It looks like somebody is having trouble keeping their stories straight. If the line Japan is spinning is that we are bringing in more foreign students than ever before to encourage cultural exchange and other pretty things, but the reality is that the country is desperate for cheap labor, then maybe the government shouldn’t be so candid as to place foreign students in the foreign worker statistics.

The truth of the matter is that foreign workers are holding things together for us in Japan — filling vacancies in convenience stores, family restaurants, package delivery and other crucial services.

Japan’s famous “customer is No. 1” philosophy has in recent years led to more 24-hour restaurants, time-designated deliveries and other special services. But online direct sales have driven labor demand through the roof and supply simply cannot keep up.

That’s where foreign nationals have come in, although often under false pretenses.

Still, labor shortages persist. One company, Yamato Transport, is raising its prices to alleviate shortages. Some family restaurants and fast-food joints are considering pulling the plug on 24-hour service.

Of course, there is nothing quite like using foreign workers to fill labor shortages. The low wages you can pay them is often still higher than they would get back home.

The background to all this is that the Immigration Bureau does not grant work visas. They don’t exist. Specialist and other visas permit work but no “work visa” exists.

Student visas permit their holders to work up to 28 hours per week (Immigration Act enforcement regulations, Article 19.5). So what employers have figured out is that if they lead these students (i.e., easy-to-exploit, cheap workers) around to enter the workforce by a back door, then they can hire them on what is effectively a work visa.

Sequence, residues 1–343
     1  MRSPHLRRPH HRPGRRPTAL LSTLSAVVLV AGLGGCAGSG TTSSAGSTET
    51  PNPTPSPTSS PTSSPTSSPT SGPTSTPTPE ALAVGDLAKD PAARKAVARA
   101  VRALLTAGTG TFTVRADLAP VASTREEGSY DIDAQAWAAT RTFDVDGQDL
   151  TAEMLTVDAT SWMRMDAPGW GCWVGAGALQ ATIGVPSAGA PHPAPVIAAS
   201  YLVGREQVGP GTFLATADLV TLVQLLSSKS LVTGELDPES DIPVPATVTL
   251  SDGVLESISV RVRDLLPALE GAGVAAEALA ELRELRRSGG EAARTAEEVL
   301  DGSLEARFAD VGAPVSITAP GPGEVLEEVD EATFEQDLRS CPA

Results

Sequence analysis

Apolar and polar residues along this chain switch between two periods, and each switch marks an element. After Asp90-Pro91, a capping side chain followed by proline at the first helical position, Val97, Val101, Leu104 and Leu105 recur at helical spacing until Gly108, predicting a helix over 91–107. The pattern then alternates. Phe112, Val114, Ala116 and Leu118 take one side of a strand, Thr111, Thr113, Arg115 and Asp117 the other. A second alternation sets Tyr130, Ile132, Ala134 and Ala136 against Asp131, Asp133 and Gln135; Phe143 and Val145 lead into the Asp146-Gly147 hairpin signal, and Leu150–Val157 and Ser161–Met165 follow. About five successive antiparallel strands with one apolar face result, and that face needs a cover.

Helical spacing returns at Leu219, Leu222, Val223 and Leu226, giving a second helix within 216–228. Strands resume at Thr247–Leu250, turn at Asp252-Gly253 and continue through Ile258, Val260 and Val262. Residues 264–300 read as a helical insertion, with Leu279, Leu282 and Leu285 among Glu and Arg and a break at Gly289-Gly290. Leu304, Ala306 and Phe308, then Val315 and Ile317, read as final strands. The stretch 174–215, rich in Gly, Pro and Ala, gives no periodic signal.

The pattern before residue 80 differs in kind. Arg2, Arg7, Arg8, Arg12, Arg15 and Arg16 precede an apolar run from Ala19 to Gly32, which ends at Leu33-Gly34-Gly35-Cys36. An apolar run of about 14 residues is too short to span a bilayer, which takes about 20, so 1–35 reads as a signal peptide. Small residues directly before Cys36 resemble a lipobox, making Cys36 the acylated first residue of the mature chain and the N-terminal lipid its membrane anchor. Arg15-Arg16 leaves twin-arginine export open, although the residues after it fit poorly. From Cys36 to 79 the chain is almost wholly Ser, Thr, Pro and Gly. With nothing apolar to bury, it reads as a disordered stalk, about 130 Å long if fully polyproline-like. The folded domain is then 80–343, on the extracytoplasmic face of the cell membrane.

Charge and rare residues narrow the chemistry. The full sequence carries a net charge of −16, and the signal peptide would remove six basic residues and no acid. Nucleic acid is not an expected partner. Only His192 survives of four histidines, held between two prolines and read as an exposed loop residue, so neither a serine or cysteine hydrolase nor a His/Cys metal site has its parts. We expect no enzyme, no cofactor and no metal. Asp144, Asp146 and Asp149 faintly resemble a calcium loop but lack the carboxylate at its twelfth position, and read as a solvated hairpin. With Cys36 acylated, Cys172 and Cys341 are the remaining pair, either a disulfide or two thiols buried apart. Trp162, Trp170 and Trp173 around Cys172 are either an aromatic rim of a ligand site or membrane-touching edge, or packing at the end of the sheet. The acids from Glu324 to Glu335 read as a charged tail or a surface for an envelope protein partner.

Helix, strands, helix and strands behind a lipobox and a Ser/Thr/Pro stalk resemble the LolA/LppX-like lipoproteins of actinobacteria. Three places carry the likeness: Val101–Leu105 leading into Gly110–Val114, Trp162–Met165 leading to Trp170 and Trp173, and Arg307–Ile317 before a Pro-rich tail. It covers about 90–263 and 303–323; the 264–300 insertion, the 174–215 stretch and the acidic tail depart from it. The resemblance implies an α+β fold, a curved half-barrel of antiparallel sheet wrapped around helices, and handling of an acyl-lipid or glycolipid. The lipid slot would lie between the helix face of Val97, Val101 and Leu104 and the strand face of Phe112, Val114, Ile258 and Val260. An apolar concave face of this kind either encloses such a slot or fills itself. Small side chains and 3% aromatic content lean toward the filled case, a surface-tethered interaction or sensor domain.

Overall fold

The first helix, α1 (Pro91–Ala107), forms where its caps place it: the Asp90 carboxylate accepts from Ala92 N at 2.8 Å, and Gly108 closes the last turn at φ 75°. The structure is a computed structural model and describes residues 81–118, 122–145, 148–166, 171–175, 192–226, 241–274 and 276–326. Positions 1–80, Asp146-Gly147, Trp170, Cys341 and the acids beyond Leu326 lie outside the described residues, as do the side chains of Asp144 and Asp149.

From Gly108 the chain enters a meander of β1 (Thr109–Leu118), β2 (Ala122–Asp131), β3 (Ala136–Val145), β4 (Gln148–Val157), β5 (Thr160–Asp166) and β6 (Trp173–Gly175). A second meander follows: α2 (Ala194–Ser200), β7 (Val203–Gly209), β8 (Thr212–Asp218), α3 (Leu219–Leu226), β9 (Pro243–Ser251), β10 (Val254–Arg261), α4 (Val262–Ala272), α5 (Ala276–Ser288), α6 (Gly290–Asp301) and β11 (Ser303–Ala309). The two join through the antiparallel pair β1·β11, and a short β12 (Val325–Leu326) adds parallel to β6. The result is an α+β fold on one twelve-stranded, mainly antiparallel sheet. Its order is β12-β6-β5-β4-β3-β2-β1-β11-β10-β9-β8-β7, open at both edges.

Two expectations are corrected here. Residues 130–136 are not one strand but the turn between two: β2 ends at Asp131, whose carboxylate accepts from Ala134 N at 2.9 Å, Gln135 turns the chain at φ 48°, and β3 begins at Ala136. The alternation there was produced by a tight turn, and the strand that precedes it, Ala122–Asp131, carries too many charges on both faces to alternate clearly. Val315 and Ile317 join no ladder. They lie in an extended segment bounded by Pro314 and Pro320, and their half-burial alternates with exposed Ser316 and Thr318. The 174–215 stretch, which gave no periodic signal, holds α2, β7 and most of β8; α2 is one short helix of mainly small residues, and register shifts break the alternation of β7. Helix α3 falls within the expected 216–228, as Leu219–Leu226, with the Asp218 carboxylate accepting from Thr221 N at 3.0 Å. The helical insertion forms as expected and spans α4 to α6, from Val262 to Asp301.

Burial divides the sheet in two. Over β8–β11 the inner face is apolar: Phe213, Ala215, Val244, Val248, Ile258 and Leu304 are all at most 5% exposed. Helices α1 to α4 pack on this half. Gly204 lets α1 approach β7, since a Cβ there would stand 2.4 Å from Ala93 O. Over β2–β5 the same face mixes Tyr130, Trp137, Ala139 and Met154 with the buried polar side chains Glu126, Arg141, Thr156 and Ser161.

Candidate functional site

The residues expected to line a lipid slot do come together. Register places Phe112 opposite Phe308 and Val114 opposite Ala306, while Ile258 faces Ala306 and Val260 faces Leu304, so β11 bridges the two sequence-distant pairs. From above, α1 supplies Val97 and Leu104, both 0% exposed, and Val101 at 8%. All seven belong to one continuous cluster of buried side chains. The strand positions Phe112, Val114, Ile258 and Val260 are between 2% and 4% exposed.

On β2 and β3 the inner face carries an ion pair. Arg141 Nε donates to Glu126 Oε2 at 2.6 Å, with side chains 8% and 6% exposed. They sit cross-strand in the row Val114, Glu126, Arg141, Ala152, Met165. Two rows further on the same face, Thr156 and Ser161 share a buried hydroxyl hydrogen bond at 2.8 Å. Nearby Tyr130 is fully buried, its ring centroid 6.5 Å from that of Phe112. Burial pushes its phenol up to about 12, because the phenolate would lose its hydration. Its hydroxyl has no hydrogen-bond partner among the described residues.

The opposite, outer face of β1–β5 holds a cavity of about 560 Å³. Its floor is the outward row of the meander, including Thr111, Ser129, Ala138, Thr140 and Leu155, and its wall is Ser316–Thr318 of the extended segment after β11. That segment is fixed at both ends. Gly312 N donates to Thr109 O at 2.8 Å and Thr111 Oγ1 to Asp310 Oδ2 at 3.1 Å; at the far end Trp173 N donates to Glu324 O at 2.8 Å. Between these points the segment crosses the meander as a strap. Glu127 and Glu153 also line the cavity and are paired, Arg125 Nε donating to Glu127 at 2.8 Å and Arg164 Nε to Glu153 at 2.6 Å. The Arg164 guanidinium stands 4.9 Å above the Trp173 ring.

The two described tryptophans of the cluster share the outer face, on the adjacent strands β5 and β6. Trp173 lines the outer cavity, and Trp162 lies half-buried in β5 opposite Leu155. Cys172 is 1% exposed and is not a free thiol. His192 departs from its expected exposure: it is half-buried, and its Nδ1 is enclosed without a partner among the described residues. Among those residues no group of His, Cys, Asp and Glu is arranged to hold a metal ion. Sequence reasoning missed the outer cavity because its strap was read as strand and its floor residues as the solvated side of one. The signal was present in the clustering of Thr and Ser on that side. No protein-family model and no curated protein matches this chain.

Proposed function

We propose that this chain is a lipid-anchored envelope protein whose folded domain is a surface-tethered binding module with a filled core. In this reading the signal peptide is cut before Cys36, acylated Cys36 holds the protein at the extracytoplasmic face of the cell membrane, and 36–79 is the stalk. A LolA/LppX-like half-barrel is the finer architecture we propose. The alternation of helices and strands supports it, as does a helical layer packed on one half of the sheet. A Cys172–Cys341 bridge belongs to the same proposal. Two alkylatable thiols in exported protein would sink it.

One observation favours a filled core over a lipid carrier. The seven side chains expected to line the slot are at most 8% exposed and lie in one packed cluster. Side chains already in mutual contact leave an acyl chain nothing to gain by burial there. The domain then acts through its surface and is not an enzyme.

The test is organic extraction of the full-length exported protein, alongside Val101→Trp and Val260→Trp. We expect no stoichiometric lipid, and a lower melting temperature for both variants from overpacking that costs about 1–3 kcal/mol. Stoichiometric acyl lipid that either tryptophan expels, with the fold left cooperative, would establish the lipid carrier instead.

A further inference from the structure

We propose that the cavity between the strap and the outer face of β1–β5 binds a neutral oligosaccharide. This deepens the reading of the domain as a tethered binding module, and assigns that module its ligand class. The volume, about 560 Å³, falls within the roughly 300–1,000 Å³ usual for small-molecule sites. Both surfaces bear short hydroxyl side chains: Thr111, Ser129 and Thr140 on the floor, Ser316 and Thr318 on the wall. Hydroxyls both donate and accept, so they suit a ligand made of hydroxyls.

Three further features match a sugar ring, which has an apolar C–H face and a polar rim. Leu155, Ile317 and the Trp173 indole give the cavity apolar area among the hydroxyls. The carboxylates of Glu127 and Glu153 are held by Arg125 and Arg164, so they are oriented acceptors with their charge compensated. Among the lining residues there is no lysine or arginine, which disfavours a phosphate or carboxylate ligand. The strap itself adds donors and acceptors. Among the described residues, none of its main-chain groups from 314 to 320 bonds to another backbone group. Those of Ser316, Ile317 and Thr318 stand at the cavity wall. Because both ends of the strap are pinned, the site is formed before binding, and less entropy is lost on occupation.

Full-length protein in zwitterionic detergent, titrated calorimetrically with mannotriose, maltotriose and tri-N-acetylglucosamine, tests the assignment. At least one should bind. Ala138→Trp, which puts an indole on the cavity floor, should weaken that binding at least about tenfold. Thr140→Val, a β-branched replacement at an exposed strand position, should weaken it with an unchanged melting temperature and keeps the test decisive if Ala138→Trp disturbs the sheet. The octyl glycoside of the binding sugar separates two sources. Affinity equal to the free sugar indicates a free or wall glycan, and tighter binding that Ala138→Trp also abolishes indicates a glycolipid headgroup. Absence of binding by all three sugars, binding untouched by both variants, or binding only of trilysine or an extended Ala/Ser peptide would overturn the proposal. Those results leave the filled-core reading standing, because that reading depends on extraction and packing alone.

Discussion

It’s the sacrifice of these foreign students’ study hours that today makes our modern lives so convenient. I treat my convenience store like a second (and much larger) refrigerator. And in the middle of the night, I don’t mind at all sending my husband to go get something from our extra fridge.

But seriously, my point is that convenience stores are indeed convenient. Nowadays, that’s thanks to overworked, study- and sleep-deprived foreign workers.

In the past, the vast majority of foreign residents were Chinese and Korean. Now many of the new arrivals are from Nepal, Vietnam and other Southeast Asian countries.

It’s far too common that these students are compelled to prioritize work and have precious little time or energy for acquiring the skills they came here for.

Japanese language schools are sprouting all over the country. These schools have want ads on their bulletin boards about jobs in restaurants, supermarkets, at cleaning firms and similar offers.

Although they are foreign students, the regulation that they cannot work more than 28 hours tends to be a rule followed more in the breach, meaning their actual studies can become something of a pipe dream.

No one wants to face up to the reality of the service industry — that it is so short of labor it must turn to students, depriving the students of their study in the process.

A cynic might say the government doesn’t care about Sampath’s future. A cynic would be right. The government set up the 300,000 goal for foreign students and now boasts that the target has almost been met. You might want to look in that box before you celebrate its contents.

These young students are being driven to squander their precious labor and time on boosting the bottom line of distant absent shareholders rather than on their own personal goals. Will Sampath and Thilakarathna ever gain the skills and knowledge needed to fulfill their dreams? Or is it up to us to make sure the system makes that possible?

Well … I have a long day ahead of me. This is Hifumi, clocking out.

Hifumi Okunuki teaches at Sagami Women’s University and serves as executive president of Tozen Union. She can be reached at Labor Pains appears in print on the fourth Monday of the month. Originally published in The Japan Times.